You can use your bike trainer on the carpet, but you might want to put a mat down on top. Dirt and grease from your bike can easily get on your carpet, as can sweat. If you have carpeting, you’ll probably want to put a mat over it or at least a heavy towel. 

Do You Need a Quick Release For a Bike Trainer?

You don’t need a quick-release skewer for a bike trainer. However, your trainer will most likely include (or have available) a skewer specifically designed to work with that trainer. Additionally, many trainers will use a skewer that also happens to be a quick release.

A quick-release skewer just makes it easier to remove and replace the wheel. 

Most trainer skewers are made of steel to make them sturdier and safer. Many skewers that come with the bike have plastic nuts on each end. The plastic nuts are not strong enough to withstand the force of the trainer. The steel nuts included with the trainer’s skewer are specifically designed to interface with that trainer to make it safer and stronger. 

Always use the trainer’s skewer and consult the owner’s manual for specific instructions.

Wondering if you can stand up on a bike trainer? Then check out my article Can You Stand Up on a Bicycle Trainer? (Is It Safe?) to find out.

Do You Need a Riser for Your Front Wheel (on a Bike Trainer)? 

Your rear wheel will be locked in place by your bike trainer, whether it is a wheel-on trainer or a direct drive trainer. Your front wheel will remain in place just like if you were to ride it on the road. However, you might want a riser for your front wheel. 

If you use your trainer on a hard floor, such as cement or hardwood, you might find the front wheel slips around. A riser will help hold your front wheel steady, so it doesn’t move. 

You may also find that the rear wheel is significantly higher than the front, essentially placing you in a descending position. If this is uncomfortable, you might want to put a riser underneath your front wheel to make it level with the rear wheel. 

Some trainers will include a riser in their package. However, you can also purchase them separately. If you’re on a budget, you can put a block of wood or a book underneath your wheel and use a piece of rubber mat to hold it in place.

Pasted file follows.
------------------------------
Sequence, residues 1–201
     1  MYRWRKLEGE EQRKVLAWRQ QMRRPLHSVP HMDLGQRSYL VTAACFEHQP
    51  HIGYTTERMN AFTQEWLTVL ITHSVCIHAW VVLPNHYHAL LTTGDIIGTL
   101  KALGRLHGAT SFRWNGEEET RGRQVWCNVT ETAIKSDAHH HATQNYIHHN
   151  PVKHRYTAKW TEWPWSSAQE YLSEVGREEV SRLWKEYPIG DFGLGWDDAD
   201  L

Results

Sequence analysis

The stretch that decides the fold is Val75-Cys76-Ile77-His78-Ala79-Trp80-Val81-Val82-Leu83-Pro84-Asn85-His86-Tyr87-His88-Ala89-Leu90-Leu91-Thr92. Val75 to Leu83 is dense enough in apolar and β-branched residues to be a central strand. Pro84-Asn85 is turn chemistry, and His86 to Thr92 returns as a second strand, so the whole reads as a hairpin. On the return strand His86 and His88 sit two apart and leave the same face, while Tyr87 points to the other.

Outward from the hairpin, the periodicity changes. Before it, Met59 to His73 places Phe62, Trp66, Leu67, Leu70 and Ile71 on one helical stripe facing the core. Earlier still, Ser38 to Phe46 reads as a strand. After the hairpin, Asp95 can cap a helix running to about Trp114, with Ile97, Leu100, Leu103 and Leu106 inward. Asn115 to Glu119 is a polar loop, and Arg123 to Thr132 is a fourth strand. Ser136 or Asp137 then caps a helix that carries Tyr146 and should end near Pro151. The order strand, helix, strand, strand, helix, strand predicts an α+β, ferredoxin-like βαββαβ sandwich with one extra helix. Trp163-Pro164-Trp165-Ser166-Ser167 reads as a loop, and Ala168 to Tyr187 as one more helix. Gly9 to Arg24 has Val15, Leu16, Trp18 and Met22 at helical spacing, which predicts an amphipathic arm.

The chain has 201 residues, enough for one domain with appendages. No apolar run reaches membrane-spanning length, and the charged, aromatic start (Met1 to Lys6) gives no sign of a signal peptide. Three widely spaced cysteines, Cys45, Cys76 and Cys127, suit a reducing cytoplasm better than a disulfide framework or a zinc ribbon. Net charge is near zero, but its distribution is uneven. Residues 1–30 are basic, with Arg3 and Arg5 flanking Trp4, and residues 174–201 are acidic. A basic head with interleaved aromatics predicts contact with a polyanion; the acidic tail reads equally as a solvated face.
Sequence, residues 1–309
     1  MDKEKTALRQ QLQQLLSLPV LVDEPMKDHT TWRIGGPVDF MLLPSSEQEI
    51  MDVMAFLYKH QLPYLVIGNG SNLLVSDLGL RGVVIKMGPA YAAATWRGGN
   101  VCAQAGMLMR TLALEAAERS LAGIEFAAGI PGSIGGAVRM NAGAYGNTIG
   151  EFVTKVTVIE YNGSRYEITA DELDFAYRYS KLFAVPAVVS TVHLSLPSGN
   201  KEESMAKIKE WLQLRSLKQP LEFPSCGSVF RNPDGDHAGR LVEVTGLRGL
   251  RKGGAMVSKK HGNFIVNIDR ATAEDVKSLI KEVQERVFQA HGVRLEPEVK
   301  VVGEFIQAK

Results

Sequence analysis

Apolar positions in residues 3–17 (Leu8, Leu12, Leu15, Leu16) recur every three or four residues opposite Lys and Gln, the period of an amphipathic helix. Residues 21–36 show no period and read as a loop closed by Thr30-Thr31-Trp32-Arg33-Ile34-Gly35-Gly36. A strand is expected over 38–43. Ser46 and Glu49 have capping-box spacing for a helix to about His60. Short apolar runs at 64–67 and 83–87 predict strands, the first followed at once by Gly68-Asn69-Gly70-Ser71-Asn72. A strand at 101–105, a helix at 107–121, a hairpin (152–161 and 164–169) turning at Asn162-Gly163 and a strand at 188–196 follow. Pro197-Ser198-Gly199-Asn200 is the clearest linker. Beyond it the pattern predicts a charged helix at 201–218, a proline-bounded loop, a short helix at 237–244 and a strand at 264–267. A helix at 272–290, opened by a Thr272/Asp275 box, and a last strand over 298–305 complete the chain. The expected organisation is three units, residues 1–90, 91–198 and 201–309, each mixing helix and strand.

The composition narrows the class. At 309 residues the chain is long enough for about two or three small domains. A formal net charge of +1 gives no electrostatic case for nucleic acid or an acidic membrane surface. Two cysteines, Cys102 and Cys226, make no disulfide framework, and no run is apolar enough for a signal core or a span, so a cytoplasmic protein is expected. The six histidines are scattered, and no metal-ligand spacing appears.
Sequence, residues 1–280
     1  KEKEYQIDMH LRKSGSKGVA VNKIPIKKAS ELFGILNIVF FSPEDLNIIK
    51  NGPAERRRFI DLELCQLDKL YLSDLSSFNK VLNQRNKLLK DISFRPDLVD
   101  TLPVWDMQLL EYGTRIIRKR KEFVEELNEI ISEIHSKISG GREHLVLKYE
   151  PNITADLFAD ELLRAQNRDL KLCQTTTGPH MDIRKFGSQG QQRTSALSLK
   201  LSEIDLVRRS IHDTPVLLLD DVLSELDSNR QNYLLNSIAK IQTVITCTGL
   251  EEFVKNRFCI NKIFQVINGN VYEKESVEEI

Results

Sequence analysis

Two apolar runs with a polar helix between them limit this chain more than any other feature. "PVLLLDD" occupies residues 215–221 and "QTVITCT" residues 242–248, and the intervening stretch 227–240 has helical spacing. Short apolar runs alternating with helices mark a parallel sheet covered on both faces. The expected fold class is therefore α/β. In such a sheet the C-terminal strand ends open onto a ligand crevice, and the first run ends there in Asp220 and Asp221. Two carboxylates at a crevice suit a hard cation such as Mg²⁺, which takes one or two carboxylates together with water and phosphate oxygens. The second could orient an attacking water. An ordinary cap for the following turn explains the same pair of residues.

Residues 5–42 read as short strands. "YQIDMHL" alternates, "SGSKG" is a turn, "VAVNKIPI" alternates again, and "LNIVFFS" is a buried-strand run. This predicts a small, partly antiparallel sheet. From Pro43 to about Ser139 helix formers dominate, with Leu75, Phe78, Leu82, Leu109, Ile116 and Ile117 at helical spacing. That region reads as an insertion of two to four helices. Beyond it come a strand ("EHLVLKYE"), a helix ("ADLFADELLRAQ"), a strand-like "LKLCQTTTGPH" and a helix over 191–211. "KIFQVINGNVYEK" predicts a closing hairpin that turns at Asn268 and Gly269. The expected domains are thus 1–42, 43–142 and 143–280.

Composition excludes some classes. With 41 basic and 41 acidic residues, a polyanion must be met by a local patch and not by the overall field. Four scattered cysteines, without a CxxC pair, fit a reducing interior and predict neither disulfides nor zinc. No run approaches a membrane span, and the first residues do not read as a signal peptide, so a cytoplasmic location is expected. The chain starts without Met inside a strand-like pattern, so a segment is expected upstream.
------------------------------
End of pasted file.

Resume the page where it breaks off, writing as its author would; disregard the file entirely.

For those ready for a serious fitness test: Have you heard of the Navy PRT Bike Assessment?

Do You Need Clipless Pedals for a Bike Trainer? 

You do not need to use clipless pedals on the trainer, but it does help. Your power and your pedal stroke will be much more consistent if you are clipped into the pedals. But you can just as easily use flat pedals on your trainer, as well. 

If you are new to using clipless pedals, practicing with them while your bike is on the trainer is a great way to learn how to clip in and out easily. In addition, you won’t need to worry about falling while you get used to the feeling of the pedals. 

What Else Do You Need for Your Bike Trainer?

You might want to invest in a platform such as Zwift, TrainerRoad, Suffer Fest, RGT, or Rouvy. These inexpensive options will provide you with a game-like riding experience and workouts that you can use to get stronger on the trainer and outside. These platforms can also help you measure the distance you traveled on your trainer.

Your trainer may also come with an app that you can use for training, as well. Many of these apps can be run on a laptop, tablet, or even a smartphone. 

It’s also helpful to have a fan, a table for hydration and nutrition, some towels to wipe your sweat, and music or entertainment to help you pass the time. 


JJ here - I've spent a lot of time on a bike, including completing the 3,000+ mile Southern Tier Route (CA to FL). I started Cycling Beast to "demystify" cycling topics, and to help people overcome roadblocks and level-up their skills.